Phishing is a type of social engineering based on impersonation and fraud. Typically a scammer sends a fraudulent message designed to trick a person into revealing sensitive information or to deploy malicious software on the victim’s device.
Most phishing is done via email, although voice calls and SMS can also be used effectively. The structure and content of the message will relate to the goal of the scammer. Often the message is designed to impersonates banks and financial services, email and cloud productivity providers, tech services and software, and popular entertainment streaming services.
Scammers may use any info gained from a phishing attack to directly steal money from a victim.
More sophisticated attacks often use one or more low level targets to gather info which is then used against more valuable targets. Examples: the theft of proprietary information, the installation of malware, or targeting people higher up within an affiliated organization.
Spear phishing is when a scammer targets a specific organization or person with custom made phishing attempt. Commonly these are emails that make the recipient think the email is legitimate and targeted to them specifically.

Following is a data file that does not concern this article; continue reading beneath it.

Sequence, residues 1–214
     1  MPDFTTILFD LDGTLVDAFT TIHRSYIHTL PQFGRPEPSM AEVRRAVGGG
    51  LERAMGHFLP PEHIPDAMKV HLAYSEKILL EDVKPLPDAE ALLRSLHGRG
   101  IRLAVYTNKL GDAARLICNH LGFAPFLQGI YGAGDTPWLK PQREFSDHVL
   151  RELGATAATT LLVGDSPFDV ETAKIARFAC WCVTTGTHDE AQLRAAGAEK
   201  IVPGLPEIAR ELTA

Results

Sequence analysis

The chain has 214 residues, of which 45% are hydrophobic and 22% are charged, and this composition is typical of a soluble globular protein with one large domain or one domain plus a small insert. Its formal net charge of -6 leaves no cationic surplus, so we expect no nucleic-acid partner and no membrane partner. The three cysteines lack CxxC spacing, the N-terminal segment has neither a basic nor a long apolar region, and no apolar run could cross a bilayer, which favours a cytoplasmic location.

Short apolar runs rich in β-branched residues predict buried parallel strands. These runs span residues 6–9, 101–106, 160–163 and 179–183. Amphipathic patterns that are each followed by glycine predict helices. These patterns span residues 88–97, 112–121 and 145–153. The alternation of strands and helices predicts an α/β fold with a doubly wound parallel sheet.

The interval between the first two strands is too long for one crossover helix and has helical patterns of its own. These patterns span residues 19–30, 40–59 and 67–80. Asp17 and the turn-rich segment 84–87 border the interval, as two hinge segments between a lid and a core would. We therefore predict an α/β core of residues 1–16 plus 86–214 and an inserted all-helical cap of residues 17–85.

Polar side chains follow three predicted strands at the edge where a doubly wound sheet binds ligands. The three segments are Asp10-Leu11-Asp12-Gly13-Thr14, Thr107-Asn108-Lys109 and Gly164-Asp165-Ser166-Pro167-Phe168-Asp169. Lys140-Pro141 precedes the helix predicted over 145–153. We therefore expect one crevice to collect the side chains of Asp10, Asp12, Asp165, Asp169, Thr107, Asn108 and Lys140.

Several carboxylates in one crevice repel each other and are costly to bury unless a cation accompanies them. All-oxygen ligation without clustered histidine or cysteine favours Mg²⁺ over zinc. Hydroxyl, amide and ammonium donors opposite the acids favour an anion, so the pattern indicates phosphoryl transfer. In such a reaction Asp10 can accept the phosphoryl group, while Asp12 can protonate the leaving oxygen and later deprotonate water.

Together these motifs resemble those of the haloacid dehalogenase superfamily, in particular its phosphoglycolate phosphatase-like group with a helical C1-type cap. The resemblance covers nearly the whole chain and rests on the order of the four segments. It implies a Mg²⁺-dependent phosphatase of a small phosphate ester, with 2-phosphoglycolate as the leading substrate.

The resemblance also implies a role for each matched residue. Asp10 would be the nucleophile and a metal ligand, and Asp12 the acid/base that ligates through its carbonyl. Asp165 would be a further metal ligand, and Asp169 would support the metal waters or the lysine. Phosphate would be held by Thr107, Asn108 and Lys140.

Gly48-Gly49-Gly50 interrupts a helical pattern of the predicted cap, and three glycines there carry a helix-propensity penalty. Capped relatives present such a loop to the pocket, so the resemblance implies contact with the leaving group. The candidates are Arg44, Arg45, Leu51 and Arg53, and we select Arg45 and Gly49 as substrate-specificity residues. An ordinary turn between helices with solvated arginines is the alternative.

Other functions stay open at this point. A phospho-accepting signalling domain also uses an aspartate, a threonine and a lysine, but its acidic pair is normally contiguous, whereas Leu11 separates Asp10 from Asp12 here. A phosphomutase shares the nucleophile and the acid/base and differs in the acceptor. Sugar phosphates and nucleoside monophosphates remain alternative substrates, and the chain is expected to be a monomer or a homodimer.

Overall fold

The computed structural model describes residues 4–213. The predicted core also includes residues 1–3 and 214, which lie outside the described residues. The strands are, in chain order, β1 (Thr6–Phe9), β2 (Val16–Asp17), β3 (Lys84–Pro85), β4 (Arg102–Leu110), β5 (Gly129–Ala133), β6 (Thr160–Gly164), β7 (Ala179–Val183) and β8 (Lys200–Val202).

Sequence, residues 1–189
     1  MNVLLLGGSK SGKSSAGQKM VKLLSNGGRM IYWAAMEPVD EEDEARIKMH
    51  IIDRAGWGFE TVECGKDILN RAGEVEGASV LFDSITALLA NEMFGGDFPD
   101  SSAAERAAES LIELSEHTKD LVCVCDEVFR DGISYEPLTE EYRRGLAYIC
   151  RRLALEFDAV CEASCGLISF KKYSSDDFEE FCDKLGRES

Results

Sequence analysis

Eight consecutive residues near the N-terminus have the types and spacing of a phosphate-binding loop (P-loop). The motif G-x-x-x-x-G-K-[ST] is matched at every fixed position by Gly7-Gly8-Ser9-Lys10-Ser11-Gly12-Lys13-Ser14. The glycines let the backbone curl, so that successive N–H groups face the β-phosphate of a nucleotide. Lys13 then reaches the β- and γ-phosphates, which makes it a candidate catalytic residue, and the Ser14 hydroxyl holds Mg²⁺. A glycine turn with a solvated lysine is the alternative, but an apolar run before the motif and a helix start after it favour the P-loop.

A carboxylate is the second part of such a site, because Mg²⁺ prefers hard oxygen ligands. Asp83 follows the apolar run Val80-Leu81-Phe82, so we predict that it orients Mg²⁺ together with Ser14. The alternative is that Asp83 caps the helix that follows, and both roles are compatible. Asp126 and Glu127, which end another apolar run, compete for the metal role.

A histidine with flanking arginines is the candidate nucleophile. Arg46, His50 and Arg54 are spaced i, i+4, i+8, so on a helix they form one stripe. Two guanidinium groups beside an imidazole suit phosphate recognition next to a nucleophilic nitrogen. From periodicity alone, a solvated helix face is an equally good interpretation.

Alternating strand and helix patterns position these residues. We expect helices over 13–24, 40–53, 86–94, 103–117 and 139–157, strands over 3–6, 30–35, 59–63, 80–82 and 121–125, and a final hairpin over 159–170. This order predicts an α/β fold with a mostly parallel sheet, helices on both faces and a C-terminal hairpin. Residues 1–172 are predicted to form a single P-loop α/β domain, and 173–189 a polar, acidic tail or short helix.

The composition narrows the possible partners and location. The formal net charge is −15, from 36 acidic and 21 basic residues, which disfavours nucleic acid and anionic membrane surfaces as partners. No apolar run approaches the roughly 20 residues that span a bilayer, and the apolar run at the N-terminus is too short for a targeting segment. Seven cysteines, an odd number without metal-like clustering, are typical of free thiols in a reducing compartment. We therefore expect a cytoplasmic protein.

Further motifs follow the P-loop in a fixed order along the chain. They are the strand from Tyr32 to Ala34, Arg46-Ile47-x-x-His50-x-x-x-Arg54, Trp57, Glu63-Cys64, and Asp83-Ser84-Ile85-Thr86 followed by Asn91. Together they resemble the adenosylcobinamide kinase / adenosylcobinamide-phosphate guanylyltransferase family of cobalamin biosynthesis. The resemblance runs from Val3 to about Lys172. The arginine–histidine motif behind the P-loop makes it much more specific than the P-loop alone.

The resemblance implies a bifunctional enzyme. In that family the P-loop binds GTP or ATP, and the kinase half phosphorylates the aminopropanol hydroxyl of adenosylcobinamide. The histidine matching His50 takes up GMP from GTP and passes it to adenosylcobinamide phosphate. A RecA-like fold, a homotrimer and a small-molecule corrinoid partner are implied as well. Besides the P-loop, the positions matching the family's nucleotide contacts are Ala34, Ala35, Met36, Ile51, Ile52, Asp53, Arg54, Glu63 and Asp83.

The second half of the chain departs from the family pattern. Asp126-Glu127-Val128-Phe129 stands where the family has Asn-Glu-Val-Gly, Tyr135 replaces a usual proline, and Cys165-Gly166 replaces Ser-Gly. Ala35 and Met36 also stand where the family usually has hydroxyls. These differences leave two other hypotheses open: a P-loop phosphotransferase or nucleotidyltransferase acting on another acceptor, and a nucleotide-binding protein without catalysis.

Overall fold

Spear phishers use personal information (gathered via automated scrape bots as well as actual direct research) about their target to improve the likelihood of success. Spear phishing typically targets people presumed to have access to an organization’s financial data and related services.
Clone phishing is when a legitimate, and delivered email message, with an attachment or link in it, has been used to create an almost identical (cloned) email message. However, the attachment or link within the email has been replaced with a malicious version and then sent from an email address spoofed to appear to come from the original sender.
It may claim to be a resend of the original or an updated version to the original. This implies that either the sender or the recipient has been previously hacked for the scammer to have obtained the original legitimate email.
NOTE: The above content has been inspired by a conversation with a client, then combined with and crafted from this lengthy wikipedia article. It was edited to improve readability and relevance using decades of personal experience explaining technology to normal people. It is offered here via the CC BY-SA 3.0 license.